Voltage hysteresis is a common problem in both electrical and magnetic systems.
The main impacts of voltage hysteresis are in designing batteries and complex circuits.
Voltage hysteresis is an ongoing problem because it can’t be completely engineered away, despite advances in technology.
How to Identify and Evaluate Voltage Hysteresis
Voltage hysteresis can greatly impact integrated circuits, among other things.
When applying or removing current from an electrical system, designers can usually assume a negligible delay between the current change and the effect it has on components. Some delays are expected in certain contexts, such as propagation delays, and designers can plan for them by having updated references for the components they use.
When the desired effect of applying or removing voltage happens after a delay, this phenomenon is referred to as voltage hysteresis. Voltage hysteresis can happen in many electronic components and constructs, including batteries, comparators, circuits, and transformers.
What is Voltage Hysteresis?
Hysteresis is broadly defined as a phenomenon where the state of a system changes significantly between the time it receives input and the time that input produces an effect. Voltage hysteresis is a specific type of hysteresis that occurs in electrical systems when current or voltage changes, but the effects of the changes are delayed past obvious intervals like propagation delays.
Voltage Hysteresis and Magnetic Hysteresis
Voltage hysteresis is connected to magnetic hysteresis. Magnetic hysteresis occurs when an electrical current causes persistent magnetism, as can happen inside transformers and inductors. Since electric currents can create magnetic fields, it is possible to reverse some instances of magnetic hysteresis by applying a sufficiently strong current. Like voltage hysteresis, magnetic hysteresis can result in a loss of efficiency and has the added drawback of causing distortion in magnetized substances.
Fortunately, magnetic hysteresis is not inevitable when voltage hysteresis is present; minimizing voltage hysteresis prevents magnetic hysteresis in many cases. Engineers may not want to prevent all magnetic hysteresis, however, since it also has some helpful uses in engineering.
Is Voltage Hysteresis Considered a Problem?
Voltage hysteresis is more predictable than some other types of hysteresis. Although it is an ongoing problem in many contexts, it also has some helpful uses in engineering, particularly in smoothing out noisy signals or input.
Whether voltage hysteresis is beneficial or problematic depends on its application, and the level of hysteresis within an electrical system can also determine whether it is helpful or harmful. In general, the lower the level of voltage hysteresis in a circuit, the more efficient that circuit will be.
How Does Voltage Hysteresis Affect Engineering?
Voltage hysteresis is proven to be detrimental in maintaining charge within lithium ion batteries. Overcharging lithium ion batteries increases the possibility of voltage hysteresis, which negatively impacts the battery’s future ability to hold a charge. Voltage hysteresis can also come from many changes within a battery that can affect current flow during normal operation, including structural defects or magnetic distortion. Repeated battery charges increase the likelihood of these changes, which in turn increases voltage hysteresis risk. The process of charging a battery repeatedly, called cycling, increases overvoltage in more than half of cases, but not all of them. This is why some lithium ion batteries last for a long time, while others become useless quickly. The more overvoltage and voltage hysteresis occurs, the more battery life is reduced.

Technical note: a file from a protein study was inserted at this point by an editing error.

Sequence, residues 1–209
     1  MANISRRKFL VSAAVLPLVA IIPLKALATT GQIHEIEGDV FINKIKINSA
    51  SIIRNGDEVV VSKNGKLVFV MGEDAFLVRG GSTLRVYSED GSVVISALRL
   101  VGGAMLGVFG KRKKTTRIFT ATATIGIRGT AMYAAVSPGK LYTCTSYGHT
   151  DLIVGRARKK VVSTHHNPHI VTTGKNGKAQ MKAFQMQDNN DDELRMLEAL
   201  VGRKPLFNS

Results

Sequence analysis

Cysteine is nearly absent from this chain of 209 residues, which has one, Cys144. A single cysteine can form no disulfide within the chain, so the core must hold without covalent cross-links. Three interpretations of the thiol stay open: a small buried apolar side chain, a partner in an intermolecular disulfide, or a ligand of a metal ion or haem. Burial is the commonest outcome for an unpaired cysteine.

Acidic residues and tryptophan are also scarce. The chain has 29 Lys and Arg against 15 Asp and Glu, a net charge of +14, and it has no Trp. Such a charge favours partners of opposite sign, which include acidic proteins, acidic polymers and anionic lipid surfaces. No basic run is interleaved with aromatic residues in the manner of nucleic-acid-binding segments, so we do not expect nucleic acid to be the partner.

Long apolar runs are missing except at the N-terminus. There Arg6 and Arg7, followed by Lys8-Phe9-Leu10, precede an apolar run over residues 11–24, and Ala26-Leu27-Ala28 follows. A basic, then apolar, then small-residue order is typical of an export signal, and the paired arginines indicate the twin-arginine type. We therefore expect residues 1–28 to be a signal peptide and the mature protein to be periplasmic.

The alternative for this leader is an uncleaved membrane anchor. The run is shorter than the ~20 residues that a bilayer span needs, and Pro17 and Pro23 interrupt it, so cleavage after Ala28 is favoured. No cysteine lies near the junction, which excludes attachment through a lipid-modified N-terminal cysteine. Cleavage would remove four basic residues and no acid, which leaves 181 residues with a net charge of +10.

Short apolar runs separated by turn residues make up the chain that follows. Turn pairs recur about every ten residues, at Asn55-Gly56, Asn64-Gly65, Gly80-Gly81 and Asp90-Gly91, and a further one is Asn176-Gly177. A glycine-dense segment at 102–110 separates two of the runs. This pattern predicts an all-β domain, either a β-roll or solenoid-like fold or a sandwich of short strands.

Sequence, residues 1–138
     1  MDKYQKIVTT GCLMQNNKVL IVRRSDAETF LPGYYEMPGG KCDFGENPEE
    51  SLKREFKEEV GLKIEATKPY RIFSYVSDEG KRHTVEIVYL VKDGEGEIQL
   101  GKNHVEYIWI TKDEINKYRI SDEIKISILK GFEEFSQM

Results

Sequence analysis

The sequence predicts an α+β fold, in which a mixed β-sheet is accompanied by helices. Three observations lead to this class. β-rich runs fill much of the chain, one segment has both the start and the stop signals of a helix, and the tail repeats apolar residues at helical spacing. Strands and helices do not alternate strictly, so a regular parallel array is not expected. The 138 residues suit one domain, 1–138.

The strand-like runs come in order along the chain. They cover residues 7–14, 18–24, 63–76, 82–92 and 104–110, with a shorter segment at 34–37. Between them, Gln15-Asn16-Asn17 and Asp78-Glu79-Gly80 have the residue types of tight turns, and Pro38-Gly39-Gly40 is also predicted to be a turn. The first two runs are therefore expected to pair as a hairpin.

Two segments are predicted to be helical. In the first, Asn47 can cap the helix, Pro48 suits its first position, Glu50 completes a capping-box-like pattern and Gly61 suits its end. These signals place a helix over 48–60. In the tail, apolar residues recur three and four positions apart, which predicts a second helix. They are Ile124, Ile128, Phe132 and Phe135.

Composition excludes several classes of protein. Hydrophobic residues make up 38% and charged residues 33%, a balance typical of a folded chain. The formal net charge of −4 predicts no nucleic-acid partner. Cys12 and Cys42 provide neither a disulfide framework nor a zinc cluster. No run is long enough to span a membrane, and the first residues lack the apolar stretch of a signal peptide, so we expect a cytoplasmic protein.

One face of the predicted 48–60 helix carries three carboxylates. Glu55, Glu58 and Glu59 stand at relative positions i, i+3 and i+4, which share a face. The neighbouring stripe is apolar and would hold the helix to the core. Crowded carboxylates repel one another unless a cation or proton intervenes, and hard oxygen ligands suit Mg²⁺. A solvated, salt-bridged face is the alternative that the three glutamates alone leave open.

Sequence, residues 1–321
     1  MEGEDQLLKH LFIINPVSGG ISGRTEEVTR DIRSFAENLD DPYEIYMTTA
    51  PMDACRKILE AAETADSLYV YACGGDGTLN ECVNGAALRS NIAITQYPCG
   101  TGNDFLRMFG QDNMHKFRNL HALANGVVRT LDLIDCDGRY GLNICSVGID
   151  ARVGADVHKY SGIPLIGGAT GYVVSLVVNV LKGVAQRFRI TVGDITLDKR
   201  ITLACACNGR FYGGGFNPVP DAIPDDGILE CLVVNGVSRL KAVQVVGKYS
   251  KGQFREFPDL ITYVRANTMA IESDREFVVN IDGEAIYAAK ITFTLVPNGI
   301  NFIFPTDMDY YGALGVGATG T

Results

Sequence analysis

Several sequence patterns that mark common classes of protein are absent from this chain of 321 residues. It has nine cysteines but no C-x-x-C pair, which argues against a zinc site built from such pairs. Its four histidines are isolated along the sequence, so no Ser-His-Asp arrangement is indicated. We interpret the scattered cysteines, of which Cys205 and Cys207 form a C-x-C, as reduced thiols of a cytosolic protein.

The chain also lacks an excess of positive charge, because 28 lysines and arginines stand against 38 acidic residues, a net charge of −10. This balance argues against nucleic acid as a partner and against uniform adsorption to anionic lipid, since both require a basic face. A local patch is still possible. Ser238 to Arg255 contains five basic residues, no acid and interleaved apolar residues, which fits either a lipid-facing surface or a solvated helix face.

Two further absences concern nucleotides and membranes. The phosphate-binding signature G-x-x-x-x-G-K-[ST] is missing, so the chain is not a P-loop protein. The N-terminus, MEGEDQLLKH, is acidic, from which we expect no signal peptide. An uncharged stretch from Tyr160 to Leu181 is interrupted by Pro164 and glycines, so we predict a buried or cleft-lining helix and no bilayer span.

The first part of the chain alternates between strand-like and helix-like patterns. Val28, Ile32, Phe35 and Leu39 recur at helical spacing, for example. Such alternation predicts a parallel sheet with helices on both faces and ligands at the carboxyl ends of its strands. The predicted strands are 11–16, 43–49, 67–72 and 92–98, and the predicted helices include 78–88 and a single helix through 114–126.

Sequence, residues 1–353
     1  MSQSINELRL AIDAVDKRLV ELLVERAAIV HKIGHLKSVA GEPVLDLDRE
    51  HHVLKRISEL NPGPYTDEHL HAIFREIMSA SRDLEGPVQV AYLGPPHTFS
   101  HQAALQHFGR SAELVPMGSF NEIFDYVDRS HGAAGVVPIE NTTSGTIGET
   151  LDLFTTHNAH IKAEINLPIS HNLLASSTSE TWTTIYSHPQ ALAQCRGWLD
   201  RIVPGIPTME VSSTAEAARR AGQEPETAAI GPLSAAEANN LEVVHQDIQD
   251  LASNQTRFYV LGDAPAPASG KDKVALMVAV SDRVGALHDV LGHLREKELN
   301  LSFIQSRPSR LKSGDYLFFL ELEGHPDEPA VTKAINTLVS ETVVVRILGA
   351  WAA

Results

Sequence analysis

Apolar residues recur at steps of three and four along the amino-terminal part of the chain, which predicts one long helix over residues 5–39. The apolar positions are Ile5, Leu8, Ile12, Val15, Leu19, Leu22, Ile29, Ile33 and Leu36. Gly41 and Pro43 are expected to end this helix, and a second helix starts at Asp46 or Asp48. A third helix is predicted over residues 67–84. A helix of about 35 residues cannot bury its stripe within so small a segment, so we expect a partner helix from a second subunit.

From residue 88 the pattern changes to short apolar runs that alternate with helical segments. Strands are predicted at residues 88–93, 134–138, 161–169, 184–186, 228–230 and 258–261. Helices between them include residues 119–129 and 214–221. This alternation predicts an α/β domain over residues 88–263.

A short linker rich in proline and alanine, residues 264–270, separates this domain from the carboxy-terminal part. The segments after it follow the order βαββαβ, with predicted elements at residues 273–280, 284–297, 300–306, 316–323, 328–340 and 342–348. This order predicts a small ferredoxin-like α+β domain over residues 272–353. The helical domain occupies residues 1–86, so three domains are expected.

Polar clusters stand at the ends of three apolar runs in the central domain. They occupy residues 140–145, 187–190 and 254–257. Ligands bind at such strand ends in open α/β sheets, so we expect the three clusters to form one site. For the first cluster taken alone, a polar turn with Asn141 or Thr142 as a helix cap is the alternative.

By contrast, voltage hysteresis is a stabilizing force in comparators. Voltage hysteresis smooths out current and voltage fluctuations inside a comparator. Maintaining consistent current and voltage in this way keeps components further down the circuit supplied with steady power and prevents failures.
Voltage hysteresis is also critical to the concept of a memristor, or a resistor with memory. A memristor relies on a hysteresis loop to create a capacitance effect that allows it to have a variable resistance. The capacitance effect can be triggered by changes in voltage, temperature, or moisture. The changing of resistance can also be demonstrated in other components, and is known as the memristive effect.
How Should Designers Evaluate Voltage Hysteresis?
Designers should evaluate the effects of voltage hysteresis by the effect hysteresis will have on the system. While there is always an unpredictable element to hysteresis, designers can use known information about hysteresis effects to make educated assumptions about how voltage hysteresis will affect a new system they are building.
If a designer were building a project powered by lithium ion batteries, their knowledge of voltage hysteresis potential might lead them to modify their design to carefully manage current around the batteries. While a designer cannot prevent degradation within a battery, they can plan their project to reduce the chances of external forces causing increased degradation over time. A designer using a comparator with a logic circuit, on the other hand, may want to build some voltage hysteresis into their model. Adding the right amount of voltage hysteresis to a logic circuit can stabilize it so it doesn’t switch unexpectedly between states.
Voltage hysteresis can be a headache for designers, but it can be mitigated with the right tools. The PCB Design and Analysis overview page provides tools ideal for minimizing voltage hysteresis, including the Allegro PCB Editor.
If you’re looking to learn more about how Cadence has the solution for you, talk to us and our team of experts.